The friendliness of the people and the taste of the food. Everyone in the restaurants were so laid back and relaxed, no rushing, but simply taking their time eating and enjoying the company of whom they were dining. The staff were very friendly and they understood the art of customer service. The next stop on my journey was Rome Italy, this was a dream come true. I was only in Rome for one day and it was not enough. I decided to purchase a tour bus trip ticket to maximize my stay in Rome, because there were so many sites that I wanted to see. The bus tour allowed me the opportunity to hop on and off the bus at all the tourist locations I wanted to visit. The bus stopped at great tourist sites like the Colosseum, St. Peter’s Basilica, and the Pantheon to name only a very few. I took lots of pictures and just wanted to be in the presence of greatness. It was a wonderful, but short tour of one of my favorite cities.

I decided to do a little shopping in Rome, because I heard about the great leather made for clothing and shoes in Italy. I found a great shop that sold beautiful shoes and another shop sold leather jackets, so I purchased a cute pair of sandals and a leather jacket.

Leather shops – Saddlers Union the best Italian leather stores in Rome.

One experience in Rome will always stand out, Gelateria | Caruso and I went to a nice café in Rome. It was located on a quiet street, with very little to see around it. The tourist bureau recommended it to me, because I asked for a nice quiet café that served gelato. The café served freshly made gelato of many different flavors; the ladies only spoke Italian and it was quite remarkable to communicate with them, however I managed. It was a great experience; the shop had an old time feel to it and the recipes were probably past down from generation to generation. This was the last stop before my time was up in Italy, was to locate the best ice parlor for the famous gelato. I was very excited to have discovered a beautiful place called Gelateria | Caruso that served the best gelato that I have ever tasted in my life. I enjoyed the pistachio and it opened up my taste buds to new levels. I have not been able to find anything like the gelato at Gelateria | Caruso and I have tried.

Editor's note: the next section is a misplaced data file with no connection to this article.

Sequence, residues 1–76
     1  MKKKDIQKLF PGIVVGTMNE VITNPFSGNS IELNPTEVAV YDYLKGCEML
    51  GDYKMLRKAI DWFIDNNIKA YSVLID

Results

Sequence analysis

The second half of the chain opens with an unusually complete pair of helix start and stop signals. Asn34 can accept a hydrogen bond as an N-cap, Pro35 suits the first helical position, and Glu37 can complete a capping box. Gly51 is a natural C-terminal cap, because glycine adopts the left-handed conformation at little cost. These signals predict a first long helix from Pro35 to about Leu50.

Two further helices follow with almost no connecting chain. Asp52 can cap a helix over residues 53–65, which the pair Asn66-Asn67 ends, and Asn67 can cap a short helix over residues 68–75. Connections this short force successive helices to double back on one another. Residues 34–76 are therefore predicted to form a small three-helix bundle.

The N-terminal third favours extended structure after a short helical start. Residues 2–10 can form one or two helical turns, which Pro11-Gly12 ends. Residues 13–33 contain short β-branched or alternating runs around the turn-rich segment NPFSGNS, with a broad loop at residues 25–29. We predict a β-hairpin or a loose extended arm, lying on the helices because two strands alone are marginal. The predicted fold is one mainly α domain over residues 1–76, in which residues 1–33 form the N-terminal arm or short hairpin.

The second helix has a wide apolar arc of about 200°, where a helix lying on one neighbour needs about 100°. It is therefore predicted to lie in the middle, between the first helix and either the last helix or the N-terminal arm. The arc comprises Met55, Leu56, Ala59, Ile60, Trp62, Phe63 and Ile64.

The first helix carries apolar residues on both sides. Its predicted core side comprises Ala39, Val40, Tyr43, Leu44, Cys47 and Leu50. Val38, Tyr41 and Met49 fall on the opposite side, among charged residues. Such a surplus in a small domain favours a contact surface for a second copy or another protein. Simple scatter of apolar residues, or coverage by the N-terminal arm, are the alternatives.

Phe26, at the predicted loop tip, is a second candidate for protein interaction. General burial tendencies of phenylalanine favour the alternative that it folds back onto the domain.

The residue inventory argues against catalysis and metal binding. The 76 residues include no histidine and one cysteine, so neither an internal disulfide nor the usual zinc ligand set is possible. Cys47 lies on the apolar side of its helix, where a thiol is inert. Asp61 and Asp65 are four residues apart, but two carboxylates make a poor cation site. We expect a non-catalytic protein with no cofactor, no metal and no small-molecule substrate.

My trip to Italy was over 8 years ago and I remember it as if it was only yesterday. I will hopefully return soon to Italy and I plan to stay at least 14 days to really enjoy this beautiful country; especially, Rome. I would encourage you to one day travel to this wonderful place and I promise you will not leave there the same.

Author Judy McMurtry BIO:

For 33 years, I was the person behind the scenes of successful businesses making it all happen. Driven by my passion for leadership development, I had a successful and diverse leadership team. My name is Judy McMurtry, and during those years, I thought I had it all. Maybe you’ve been there too. 6 years ago I realized that I was stuck and wanted more than just a career in someone else’s corporation. That’s when I decided to retire from the corporate world and start a new chapter in my life. On this journey I’ve been trained and mentored by world-class leaders. I am equipped with the tools, resources and experience to help any team improve productivity, performance and profitability. Now instead of leading successful teams myself, I help leaders find success through their teams and grow organizations, from the outside-in. If you’re looking for a team transformation, email me at and I’d love to sit down for a free exploration for together we can transform your team.

Niente di Grave – A Hidden Treasure of Italy

Niente di Grave

January 1, 2021

By: Pam Lazos

          What is it about Italy that makes our imaginations soar and our spirits run free?  Is it the incredible array of art and architecture?  The notion that many of the world’s most renowned painters, sculptors and thinkers were domiciled there?  The amazing Italian wines or the food, which miraculously, and perhaps due to the Italians energetic emigration during the late 19th and early 20th centuries as a way to escape both poverty and the rise of fascism, has made its way across the globe?  Today, Italian Americans are the fifth largest ethnic group in the U.S.  [] and I am happy to claim my spot alongside them.  Descended from Italian grandparents on my mother’s side and Greek grandparents on my dad’s side, I grew up in a mixed-marriage family.  That sounds odd to say now, but ethnocentricity was everywhere half a century ago.